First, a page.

Q&A How flooring renovation is better for healthcare

Rohit Sharma of flooring manufacturer, Bona, reveals how the COVID-19 pandemic has increased the emphasis on ‘resilient’ flooring renovation in the healthcare environments

Renovating, rather than replacing, flooring in healthcare environments has several benefits, including lower costs, less disruption and a reduced carbon impact

Q. What is resilient flooring?

A. Resilient flooring includes PVC/vinyl, linoleum, and rubber, and can be defined as flooring that is firm, but also flexible.

It is considered an extremely-durable type of flooring that suits healthcare spaces and is ideal for high-traffic areas, and hence it used extensively in the sector for various reasons; largely due to its durability, and also because it is highly cost-effective, as well as its health and safety attributes.

Rohit Sharma

Q: Why should healthcare organisations bring renovation of flooring onto their radar?

A. Surfaces in healthcare environments undergo a lot of activity.

Areas of heavy footfall in NHS trusts, transportation of heavy products and equipment, and increased levels of cleaning, all mean that surfaces underfoot are subject to significant wear.

And this diminishes the quality and safety of the flooring which, in turn, means that healthcare organisations must find a solution to overcome any issues.

When resilient floors become damaged, new flooring is often the first, and sometimes the only option considered; yet this is very limiting and can lead to unnecessary expense and disruption.

In fact, new flooring may be completely unnecessary, and it is not the only option.

If a floor looks in a very-bad state, it is often assumed that it must be ripped out and replaced.

However, no matter how bad the condition of a surface, it can often be totally transformed through renovation; a route that people may not have even considered would be possible, with results that look as good as new, without the huge expense or downtime of new flooring, renovation.

Q: What is the renovation process for resilient flooring in healthcare?

A. The renovation of existing resilient flooring is a far-more-efficient and effective process than installing new flooring; taking less than 24 hours, compared to several days required to fit a new floor.

Initially, old polish is removed and stripped from the floor’s surface. It is then abraded and cleaned, before the floor is coated with a new colour or chip combination to make it look as good as new.

Although the process may vary from supplier to supplier, expect the renovation process to be quick and easy.

For instance, after final application, it should be ready to use within 12 hours.

Q: What is the difference in price of renovation resilient flooring compared to a new installation?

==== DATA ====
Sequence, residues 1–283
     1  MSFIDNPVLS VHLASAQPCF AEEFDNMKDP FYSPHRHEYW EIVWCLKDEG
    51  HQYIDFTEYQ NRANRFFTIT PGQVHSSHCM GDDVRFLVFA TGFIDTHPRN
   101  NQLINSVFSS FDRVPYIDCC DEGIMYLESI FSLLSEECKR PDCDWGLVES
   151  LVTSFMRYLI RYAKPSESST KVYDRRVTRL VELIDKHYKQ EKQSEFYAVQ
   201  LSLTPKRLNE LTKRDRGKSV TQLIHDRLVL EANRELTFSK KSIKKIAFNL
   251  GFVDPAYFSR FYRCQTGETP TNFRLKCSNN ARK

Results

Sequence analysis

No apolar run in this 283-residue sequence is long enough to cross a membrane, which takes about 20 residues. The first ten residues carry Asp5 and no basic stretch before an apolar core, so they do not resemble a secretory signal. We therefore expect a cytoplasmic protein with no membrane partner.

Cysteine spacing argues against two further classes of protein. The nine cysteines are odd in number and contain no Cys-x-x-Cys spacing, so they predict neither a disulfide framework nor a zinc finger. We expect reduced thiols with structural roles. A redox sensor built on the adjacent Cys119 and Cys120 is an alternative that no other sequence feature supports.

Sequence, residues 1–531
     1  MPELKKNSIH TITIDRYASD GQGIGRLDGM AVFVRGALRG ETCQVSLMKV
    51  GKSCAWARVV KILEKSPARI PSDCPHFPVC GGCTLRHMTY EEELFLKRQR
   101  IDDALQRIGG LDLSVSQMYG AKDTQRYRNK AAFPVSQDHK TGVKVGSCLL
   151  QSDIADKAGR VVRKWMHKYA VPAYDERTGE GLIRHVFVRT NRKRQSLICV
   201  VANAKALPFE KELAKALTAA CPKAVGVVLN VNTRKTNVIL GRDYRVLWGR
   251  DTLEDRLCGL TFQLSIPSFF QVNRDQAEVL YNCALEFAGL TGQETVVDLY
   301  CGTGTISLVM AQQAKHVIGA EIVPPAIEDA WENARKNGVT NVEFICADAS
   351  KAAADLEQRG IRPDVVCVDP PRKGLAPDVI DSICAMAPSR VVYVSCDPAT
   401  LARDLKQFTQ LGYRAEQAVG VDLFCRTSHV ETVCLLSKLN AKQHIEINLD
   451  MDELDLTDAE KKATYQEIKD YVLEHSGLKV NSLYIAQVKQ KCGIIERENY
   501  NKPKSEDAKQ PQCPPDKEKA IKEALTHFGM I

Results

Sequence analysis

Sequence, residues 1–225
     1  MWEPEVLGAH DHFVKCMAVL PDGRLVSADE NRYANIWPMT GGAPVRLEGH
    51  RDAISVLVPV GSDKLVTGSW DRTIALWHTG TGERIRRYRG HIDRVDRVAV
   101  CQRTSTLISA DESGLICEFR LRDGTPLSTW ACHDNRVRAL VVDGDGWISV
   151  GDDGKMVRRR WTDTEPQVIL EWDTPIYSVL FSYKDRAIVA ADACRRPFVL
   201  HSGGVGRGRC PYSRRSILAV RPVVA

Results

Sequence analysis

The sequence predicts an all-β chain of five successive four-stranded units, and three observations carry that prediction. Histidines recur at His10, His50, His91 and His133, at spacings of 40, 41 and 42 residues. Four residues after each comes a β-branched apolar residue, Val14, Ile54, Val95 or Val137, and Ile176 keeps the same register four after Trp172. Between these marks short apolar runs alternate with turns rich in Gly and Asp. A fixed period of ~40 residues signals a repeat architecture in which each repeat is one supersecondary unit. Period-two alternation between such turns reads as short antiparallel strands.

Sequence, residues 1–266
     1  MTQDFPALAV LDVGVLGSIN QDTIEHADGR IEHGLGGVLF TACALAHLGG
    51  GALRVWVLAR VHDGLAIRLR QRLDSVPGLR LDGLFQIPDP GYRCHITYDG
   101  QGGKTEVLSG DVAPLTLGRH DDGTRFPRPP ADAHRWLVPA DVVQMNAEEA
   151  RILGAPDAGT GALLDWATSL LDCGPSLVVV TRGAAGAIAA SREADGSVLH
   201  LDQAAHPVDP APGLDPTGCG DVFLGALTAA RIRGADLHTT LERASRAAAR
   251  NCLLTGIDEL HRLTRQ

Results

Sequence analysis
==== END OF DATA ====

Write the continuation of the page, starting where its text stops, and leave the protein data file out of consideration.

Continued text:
A. Replacing surfaces with new flooring is expensive, both financially and time-wise due to the downtime required when certain areas are out of bounds to staff and patients for a period of time while the work takes place.

On the other hand, renovation of flooring can offer 50% less downtime, as well as reducing the initial replacement costs by up to 50%; saving significant funds from ever-stretched healthcare budgets.

Q: What are the key benefits of renovation over replacement?

A. Transforming a worn or degraded floor via renovation has major benefits over and above replacing the entire floor.

  • It is more cost-effective: Renovation enables healthcare organisations to achieve the same result as fitting new flooring, but without the associated high costs of purchasing new and without having to endure a lengthy downtime during installation
  • It improves hygiene and safety: The seamless, flat surface created by renovation means that joints, scratches, and other imperfections, where bacteria thrive, are completely removed and surfaces are sealed for further protection
  • It is sustainable: When old flooring is removed, it produces dust and germs, and inevitably adds to landfill. Renovation is more environmentally sustainable and reduces an organisation’s carbon footprint considerably in comparison to floor replacement. In fact. The IVL Swedish Environmental Research Institute Report found that renovating resilient flooring surfaces provides more than 92% reduction in carbon footprint compared to floor replacement

Initially, old polish is removed and stripped from the old floor, before the surface is abraded and cleaned, then coated to make it look as good as new

Q: What difference does it make to patients and staff?

A. As the process is faster than replacement, any disruption to patients and staff is minimised.

If a floor is replaced for new, it’s not unusual for areas to be out of bounds for several days which causes inconvenience for everyone.

Renovation typically requires half the downtime of replacement.

Safety is another major benefit, and often anti-slip additives increase protection against slips and falls.

The pandemic has resulted in an increase in cleaning to minimise the spread of infection, and when a floor has been renovated with a flat surface, it requires less time to clean and fewer cleaning products; which again means both time and resource can be reallocated.

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